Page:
Four renowned dental surgeons share insights on caring for your teeth and managing pain.
Teaching Children The Basics Of Oral Care
Dr Kiran Ganjoo, BDS; Gold Medalist from Gujarat University; Dental Surgeon; Organizing committee member of East Zone Dental Association; Best Citizen of India award from Friendship Society of India, Vadodara.
A child’s smile is a precious treasure, and safeguarding it requires more than just regular brushing. Dental hygiene for kids is a cornerstone of overall health and well-being. With approximately 60-90% of school-aged children worldwide experiencing tooth decay, addressing dental issues becomes a significant concern for parents and caregivers. Establishing strong oral care habits early on forms the bedrock for a lifetime of healthy teeth and gums.
• Brush Twice A Day: Encourage a morning and bedtime brushing regimen to remove plaque buildup and avert cavities.
• Supervise & Guide: Children under six benefit from supervised brushing, ensuring comprehensive coverage of all tooth surfaces for a minimum of two minutes.
• Floss: Initiate flossing to eliminate trapped food particles and prevent gum disease.
• Limit Sugar Exposure: Reduce sugary snacks and drinks, especially between meals, to minimize the risk of tooth decay.
• Chew Mindfully: Discourage habits like nail-biting and chewing on hard objects, which can jeopardize tooth integrity and lead to potential dental emergencies.
• Regular Dental Visits: Schedule biannual dental check-ups and cleanings to promptly address issues and cultivate a positive attitude towards dental care.
• Balanced Diet: Emphasize a well-rounded diet for strong teeth – incorporating fruits, calciumrich foods, vegetables, and lean protein.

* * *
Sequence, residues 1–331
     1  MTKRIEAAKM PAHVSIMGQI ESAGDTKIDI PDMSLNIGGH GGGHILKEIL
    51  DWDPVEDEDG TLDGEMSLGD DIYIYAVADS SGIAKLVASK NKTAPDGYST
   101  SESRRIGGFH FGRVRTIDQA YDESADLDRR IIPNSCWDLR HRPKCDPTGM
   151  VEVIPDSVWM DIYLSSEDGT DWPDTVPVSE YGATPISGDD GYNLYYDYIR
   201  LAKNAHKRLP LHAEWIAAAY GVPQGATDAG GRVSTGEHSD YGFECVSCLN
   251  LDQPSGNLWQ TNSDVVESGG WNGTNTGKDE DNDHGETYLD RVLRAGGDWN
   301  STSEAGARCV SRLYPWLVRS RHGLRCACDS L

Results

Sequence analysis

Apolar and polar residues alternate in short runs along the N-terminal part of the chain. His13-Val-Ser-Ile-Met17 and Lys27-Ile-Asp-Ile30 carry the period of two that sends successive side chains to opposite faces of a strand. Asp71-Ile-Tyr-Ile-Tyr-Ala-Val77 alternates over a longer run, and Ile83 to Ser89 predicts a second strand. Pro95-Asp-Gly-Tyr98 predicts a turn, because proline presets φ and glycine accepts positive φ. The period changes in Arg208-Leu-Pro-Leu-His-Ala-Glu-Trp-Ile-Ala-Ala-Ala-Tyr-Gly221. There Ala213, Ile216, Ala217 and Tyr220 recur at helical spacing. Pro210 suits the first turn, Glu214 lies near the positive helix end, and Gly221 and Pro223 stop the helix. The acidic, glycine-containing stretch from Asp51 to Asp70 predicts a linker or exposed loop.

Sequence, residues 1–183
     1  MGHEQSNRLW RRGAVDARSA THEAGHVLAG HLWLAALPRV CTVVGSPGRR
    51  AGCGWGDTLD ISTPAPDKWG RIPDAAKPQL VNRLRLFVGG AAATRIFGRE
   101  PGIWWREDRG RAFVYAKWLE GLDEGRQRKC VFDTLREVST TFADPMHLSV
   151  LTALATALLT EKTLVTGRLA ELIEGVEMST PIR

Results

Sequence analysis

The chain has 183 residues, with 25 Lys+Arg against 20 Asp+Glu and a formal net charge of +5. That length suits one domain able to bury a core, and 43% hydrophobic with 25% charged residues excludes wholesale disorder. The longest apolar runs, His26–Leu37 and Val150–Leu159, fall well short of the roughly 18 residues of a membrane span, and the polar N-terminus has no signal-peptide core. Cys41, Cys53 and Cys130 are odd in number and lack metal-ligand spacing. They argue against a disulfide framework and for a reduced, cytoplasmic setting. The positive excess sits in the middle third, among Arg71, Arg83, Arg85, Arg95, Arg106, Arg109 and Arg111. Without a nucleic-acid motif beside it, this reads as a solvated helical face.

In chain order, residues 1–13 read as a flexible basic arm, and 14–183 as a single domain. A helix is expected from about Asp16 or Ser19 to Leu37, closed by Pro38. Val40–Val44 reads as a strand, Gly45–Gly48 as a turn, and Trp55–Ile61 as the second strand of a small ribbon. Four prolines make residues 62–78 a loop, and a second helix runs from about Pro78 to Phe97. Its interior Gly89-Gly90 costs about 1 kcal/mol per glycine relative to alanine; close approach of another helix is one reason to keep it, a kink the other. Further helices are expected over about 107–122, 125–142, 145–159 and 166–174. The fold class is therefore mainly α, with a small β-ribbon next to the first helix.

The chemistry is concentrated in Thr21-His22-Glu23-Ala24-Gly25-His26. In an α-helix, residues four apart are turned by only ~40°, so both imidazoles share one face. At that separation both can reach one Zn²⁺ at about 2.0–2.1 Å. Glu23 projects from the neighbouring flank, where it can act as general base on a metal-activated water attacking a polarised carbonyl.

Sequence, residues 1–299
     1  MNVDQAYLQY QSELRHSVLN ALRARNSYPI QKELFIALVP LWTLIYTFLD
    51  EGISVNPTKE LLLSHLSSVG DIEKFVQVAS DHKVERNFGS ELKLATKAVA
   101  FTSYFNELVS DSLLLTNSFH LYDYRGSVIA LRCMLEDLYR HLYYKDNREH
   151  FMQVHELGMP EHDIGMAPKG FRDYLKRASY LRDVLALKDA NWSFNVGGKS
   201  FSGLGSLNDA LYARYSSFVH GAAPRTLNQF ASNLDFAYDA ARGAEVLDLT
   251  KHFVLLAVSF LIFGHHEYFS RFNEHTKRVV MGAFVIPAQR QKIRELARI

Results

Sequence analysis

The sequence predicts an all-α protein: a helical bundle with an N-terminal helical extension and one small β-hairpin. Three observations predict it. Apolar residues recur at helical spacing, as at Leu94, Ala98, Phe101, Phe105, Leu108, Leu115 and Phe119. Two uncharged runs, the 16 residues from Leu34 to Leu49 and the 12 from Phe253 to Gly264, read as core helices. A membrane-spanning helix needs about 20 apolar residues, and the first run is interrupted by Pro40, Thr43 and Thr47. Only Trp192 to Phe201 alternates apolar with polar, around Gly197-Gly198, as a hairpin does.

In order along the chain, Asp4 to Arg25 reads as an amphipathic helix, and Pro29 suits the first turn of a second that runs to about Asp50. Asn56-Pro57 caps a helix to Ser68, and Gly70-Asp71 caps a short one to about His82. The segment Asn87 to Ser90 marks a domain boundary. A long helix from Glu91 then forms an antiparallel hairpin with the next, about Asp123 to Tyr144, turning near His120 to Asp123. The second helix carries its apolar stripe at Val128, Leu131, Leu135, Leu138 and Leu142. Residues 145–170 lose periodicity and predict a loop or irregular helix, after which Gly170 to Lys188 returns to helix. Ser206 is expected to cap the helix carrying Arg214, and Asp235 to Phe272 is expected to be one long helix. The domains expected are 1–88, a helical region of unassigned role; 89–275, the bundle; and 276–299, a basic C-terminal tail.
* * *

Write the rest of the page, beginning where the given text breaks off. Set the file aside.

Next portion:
• Hydrate: Promote water consumption to stimulate saliva production, facilitating mouth cleansing and acid neutralization, crucial for preventing tooth decay.
Oral Hygiene: Dos & Don’ts
Dr Sanyog Pathak, MDS; FIBOMS; FIBCSOMS; Professor & Head, Oral & Maxillofacial surgery, Hitkarni Dental College & Hospital, Jabalpur, MP.
Oral health requires daily practice and good oral hygiene habits. According to the World Health Organization (WHO), 60% to 90% of school children and almost 100% of adults worldwide have at least one dental cavity. Most oral conditions are largely preventable by proper daily oral care routine. Parents lead by example, hence understanding how to prepare and maintain a healthy mouth is crucial.
Dos & Don’ts
• Brush your teeth twice a day (after waking up and before going to bed) to remove the plaque before it turns into tartar. Gentle brushing at the correct angle can remove bacteria.
• Your gums need to be cared for. Proper brushing and regular flossing can keep your gums healthy and strong.
• Change your toothbrush every three or four months. Never share your brush and keep it in the open air to let it dry and prevent bacterial growth.
• Calcium-rich yoghurt and green leafy vegetables are foods that promote good dental health. Avoid foods that can cause tooth decay and erosion: sugars, starchy, refined foods and breads, popcorn, and chewy, sticky foods.
• Drink plenty of water, it helps clean your teeth between meals by washing away leftover food particles and germs. In addition, most water contains fluoride which is a natural cavity fighter.
• Rinse your mouth with mouthwash once a day to get that extra clean feeling.
• Chew sugar-free gum to stimulate saliva production – it serves as a natural rinse.